But if we start excluding data on the basis of policy incompetence, there’s plenty of that to go around, so we might be left without any data to study in the end. So I guess even bad policy responses need to be considered part of the economy eventually. Maybe western countries just aren’t able to enact reforms in some situations because of the political consequences, so the poor performance above should be considered the new normal for the time being.

Recession or Acceleration?

So looking at the full dataset, negative beta values could be caused by a few things:

  1. Slower growth in rich countries.
  2. Higher growth in poor countries.
  3. A combination of both.

So what’s the main driver? Below, I bin the earlier scatterplot by initial GDP to show that #3 (a combination of both) seems to be the answer, although the main driver seems to be higher growth in low and middle income countries.

I actually think this plot is more informative than the beta plot above because I’m more interested in absolute rather than relative levels of growth. This is because the largest marginal improvements to health and wellbeing probably come at early stages of growth due to improvements in things like infrastructure and public health systems, regardless of the GDP relative to other countries. So it’s great that low and middle income countries are growing more quickly!

The Road Ahead

Finally, I thought it would be interesting to include a plot of per capita GDP over time for a few key countries:

This plot highlights the differences between economies and the large gap lower income countries need to make up. Dietrich Vollrath made this point in a post where he estimated it could take close to 190 years for economies to converge at the beta rates estimated above. That’s a long time to sustain the current levels of growth.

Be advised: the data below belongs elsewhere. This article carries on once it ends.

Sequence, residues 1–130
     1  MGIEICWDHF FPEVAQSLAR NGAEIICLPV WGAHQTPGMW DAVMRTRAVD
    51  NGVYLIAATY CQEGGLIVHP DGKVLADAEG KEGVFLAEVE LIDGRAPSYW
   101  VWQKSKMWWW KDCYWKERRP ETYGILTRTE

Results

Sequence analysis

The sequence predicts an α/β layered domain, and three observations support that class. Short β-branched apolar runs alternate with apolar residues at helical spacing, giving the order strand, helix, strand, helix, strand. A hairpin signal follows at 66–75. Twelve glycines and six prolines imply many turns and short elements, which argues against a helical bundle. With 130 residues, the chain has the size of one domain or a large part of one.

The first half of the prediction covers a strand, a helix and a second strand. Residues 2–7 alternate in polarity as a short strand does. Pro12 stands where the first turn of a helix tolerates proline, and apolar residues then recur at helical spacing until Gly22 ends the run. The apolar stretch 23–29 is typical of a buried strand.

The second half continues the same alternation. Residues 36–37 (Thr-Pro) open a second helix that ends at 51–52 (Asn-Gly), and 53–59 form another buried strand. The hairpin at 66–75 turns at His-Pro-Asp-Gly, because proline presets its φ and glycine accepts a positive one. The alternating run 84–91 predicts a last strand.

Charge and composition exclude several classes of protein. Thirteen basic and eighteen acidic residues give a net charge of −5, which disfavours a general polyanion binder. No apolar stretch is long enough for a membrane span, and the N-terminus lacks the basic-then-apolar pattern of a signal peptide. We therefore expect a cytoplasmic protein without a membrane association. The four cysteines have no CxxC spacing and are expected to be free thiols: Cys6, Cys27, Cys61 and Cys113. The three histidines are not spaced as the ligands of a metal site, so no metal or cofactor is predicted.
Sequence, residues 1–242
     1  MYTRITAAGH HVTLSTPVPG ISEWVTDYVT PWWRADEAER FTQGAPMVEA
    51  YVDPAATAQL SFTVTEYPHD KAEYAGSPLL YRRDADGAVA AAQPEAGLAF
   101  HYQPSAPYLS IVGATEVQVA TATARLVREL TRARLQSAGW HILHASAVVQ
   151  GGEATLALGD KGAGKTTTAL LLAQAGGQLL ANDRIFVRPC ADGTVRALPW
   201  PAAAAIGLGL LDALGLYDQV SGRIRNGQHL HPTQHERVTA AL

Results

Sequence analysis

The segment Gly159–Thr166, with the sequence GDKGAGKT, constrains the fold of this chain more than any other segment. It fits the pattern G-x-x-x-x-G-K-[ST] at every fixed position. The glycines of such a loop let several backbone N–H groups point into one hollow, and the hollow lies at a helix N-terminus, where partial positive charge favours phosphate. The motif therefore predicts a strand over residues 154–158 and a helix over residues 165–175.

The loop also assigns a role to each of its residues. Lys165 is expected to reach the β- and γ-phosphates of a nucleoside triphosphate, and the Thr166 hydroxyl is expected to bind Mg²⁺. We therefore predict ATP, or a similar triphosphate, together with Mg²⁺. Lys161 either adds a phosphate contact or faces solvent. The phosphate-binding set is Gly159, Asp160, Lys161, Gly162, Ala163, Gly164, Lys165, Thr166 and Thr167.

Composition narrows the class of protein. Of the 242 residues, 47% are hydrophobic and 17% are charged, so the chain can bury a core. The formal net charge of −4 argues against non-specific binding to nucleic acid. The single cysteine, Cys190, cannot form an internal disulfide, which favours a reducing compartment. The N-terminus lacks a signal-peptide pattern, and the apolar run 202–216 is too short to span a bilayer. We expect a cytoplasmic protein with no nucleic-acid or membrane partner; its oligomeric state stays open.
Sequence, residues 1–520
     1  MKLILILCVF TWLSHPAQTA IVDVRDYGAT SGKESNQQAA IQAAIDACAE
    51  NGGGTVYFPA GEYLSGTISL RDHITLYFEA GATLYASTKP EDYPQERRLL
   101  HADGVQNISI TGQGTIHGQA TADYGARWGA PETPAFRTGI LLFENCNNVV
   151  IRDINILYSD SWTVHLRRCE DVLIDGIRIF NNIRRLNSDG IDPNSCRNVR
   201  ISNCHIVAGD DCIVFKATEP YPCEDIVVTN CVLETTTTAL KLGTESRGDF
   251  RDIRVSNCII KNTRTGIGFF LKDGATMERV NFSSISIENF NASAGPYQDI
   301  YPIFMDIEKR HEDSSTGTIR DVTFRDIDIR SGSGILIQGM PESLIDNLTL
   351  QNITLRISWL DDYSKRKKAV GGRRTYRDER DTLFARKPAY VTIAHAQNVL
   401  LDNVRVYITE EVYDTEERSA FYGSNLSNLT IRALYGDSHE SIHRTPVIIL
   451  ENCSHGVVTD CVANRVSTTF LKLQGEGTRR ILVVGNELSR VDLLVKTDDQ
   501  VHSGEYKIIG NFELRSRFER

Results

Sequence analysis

There are reasons to be concerned that a few economies, especially in Sub-Saharan Africa, will have a tough time maintaining that growth. Dani Rodrik and others have made this point in their work on premature deindustrialization, which suggests a traditional development model via structural transformation might not be possible anymore. So these countries probably need to invent new ways of growing their economies that aren’t so dependent on manufacturing, or actively promote certain upstream industries through policy. But even with the challenges ahead, the recent growth in lower income countries is encouraging.


[1] Convergence (economics). Wikipedia.

[2] Solow-Swan Model. Wikipedia.

[3] Everything You Know about Cross-Country Convergence Is (Now) Wrong. Dev Patel, Justin Sandefur and Arvind Subramanian.

[4] The Economic Future Isn’t What It Used to Be. Paul Krugman.

[5] Real-Time Estimates of Potential GDP: Should the Fed Really Be Hitting the Brakes?

[6] Self-fulfilling pessimism: The fiscal policy doom loop. Antonio Fatás.

[7] Economic Stimulus Revisited. IGM Economic Experts Panel.

[8] Infrastructure. IGM Economic Experts Panel.

[9] Building the case for greater infrastructure investment. Larry Summers.

[10] New evidence on convergence. Dietrich Vollrath.

[11] Premature deindustrialization in the developing world. Dani Rodrik.

[12] Are emerging economies deindustrializing too quickly?

[13] Premature Deindustrialization. Tyler Cowen.

[14] Industrial policies and production networks. Ernest Liu.